Nonetheless, others were appreciative of what they perceived as the play’s essential message. Contemporary enthusiasts like Shaw movingly remarked Nora’s leaving as a “journey in search of self-respect and apprenticeship to life” and then undercut it with an overstatement, that “the slam of the door behind her is more momentous than the cannon of Waterloo or Sedan.” More incisive is the insight provided in John Stuart Mill’s The Subjection of Women, (1873) into how women are conditioned to live a life based upon self-sacrifice. He suggests that “all women are brought up from the earliest years, [and] that their ideal of character” is “submission, and yielding to the control of others.” He also understood that chivalry stood between oppression and justice because, although it nurtured gentleness and generosity, it did not provide a legal check against injustice. Nora’s identity is dependent upon acquiescing to life in her gilded cage, in the words of her real life contemporary marriage critic, Mona Caird, “disguised barbarism” by keeping up appearances, repressing memories and feelings, and accommodating her husband. She is expected to languish in her cocoon-like doll’s house shielded from the outside world, to chirp with childlike silliness, and be a decorative ornament that will don her costume and seductively dance the tarantella when it suits him. She must be willing to accept his decisions and sacrifice her passionate need to enlarge her understanding about the realities of the world. Above all she must conceal from her husband her innate intelligence and creative energy. It is in the home where this conditioning occurs. It is there that the woman must be content or “merry,” to use Nora’s word, with her domestic role without any serious responsibility. 

Olive Schreiner, who was present at the first performance, found the idea that a woman might have control over her life exhilarating. Her own novel, The Story of an African Farm (1883), had already explored similar themes; her feelings about how chivalry had reinforced gender inequality were to find resonance in Ibsen’s play. A few months before the first production, Schreiner had written a letter to a female correspondent on a woman’s first priority that was similar to Nora’s closing speech to her husband:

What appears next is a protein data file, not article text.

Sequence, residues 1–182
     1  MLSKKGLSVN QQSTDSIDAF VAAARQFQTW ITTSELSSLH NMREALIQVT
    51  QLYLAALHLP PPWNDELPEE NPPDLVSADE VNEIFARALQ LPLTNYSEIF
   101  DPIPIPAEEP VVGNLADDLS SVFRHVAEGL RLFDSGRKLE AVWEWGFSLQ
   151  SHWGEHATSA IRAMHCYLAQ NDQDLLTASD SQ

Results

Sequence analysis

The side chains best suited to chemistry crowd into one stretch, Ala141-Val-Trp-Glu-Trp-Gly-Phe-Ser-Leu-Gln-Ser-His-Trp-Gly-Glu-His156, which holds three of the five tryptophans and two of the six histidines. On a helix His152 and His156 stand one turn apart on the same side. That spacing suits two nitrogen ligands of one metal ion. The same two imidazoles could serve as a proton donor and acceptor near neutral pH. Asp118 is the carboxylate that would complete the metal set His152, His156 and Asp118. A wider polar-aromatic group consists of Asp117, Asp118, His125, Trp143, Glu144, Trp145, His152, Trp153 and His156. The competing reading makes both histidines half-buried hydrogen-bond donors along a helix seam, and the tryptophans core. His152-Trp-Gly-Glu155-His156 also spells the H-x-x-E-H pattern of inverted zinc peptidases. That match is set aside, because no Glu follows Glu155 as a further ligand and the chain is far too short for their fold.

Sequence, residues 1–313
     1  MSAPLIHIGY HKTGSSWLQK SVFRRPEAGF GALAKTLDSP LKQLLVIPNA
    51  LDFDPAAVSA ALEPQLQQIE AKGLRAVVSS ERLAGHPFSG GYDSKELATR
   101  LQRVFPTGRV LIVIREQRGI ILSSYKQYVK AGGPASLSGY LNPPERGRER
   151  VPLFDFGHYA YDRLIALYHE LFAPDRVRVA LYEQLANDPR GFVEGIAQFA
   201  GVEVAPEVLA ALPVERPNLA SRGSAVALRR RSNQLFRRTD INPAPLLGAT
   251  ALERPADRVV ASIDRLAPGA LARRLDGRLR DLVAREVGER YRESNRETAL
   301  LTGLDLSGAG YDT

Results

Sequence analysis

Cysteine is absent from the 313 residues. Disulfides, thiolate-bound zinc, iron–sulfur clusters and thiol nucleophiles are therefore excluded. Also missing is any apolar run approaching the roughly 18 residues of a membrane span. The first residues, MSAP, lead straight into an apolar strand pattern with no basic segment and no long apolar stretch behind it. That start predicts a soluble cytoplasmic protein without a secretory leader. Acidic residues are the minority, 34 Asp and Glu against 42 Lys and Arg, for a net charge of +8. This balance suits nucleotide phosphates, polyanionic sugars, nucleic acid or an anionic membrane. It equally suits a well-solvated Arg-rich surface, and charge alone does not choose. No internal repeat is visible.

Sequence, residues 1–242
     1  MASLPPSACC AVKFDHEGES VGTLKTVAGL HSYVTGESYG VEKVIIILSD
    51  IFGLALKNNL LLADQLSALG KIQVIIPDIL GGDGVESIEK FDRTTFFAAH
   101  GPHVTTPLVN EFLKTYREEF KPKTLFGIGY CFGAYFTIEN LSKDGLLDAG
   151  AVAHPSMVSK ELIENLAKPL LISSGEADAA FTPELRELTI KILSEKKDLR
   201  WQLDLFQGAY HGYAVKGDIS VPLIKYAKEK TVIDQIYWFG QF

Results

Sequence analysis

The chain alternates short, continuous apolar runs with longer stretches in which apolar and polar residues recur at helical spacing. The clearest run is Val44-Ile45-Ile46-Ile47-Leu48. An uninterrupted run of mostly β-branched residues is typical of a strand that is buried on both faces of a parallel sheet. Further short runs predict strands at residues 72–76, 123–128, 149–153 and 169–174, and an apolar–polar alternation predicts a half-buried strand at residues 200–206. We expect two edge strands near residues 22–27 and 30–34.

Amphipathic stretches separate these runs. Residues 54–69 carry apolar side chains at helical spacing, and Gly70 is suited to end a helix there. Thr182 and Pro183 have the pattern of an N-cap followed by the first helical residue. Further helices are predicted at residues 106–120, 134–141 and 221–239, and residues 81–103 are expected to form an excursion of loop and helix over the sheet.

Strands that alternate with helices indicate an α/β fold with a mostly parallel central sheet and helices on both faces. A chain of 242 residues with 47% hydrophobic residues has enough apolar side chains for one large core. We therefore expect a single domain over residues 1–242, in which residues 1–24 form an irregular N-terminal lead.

Our first duty is to develop ourselves. Then you are really ready for any kind of work that comes. The woman who does this is doing more to do away with prostitution and the inequalities between a man and a woman, and to make a nobler race of human beings, than all the talking and vituperation possible. It is not against men we have to fight but against ourselves within ourselves.   

Audiences and critics then and now, who wish to confer upon Nora iconic feminist status because of her famous door slam, fail to perceive her complicity in the relationship. ( I attended a performance where a portion of the audience applauded when the door slammed.) They have not appreciated that Schreiner’s last sentence conveys a resonance that applies to the play. In Ibsen’s own notes on the play which he titled “Notes for a Tragedy of Modern Times,” he argued that because of the lack of understanding between men and women, the woman in a state of confusion is subject to “recurring bouts of anxiety and fear. Everything must be borne alone….Despair, resistance and defeat.” He also noted the reason for this terrible state of affairs: “A woman cannot be herself in contemporary society, it is an exclusively a male society, with laws written by men, and with prosecutors and judges who judge women’s behaviour from the male standpoint.” It is a testament to Ibsen’s strength as a dramatist that he did not conceive of Nora as a victim. His notes suggest that once she walked out that door, he understood that her life would be difficult and that part of her education could be to gain greater self-awareness.

No comments:

Post a Comment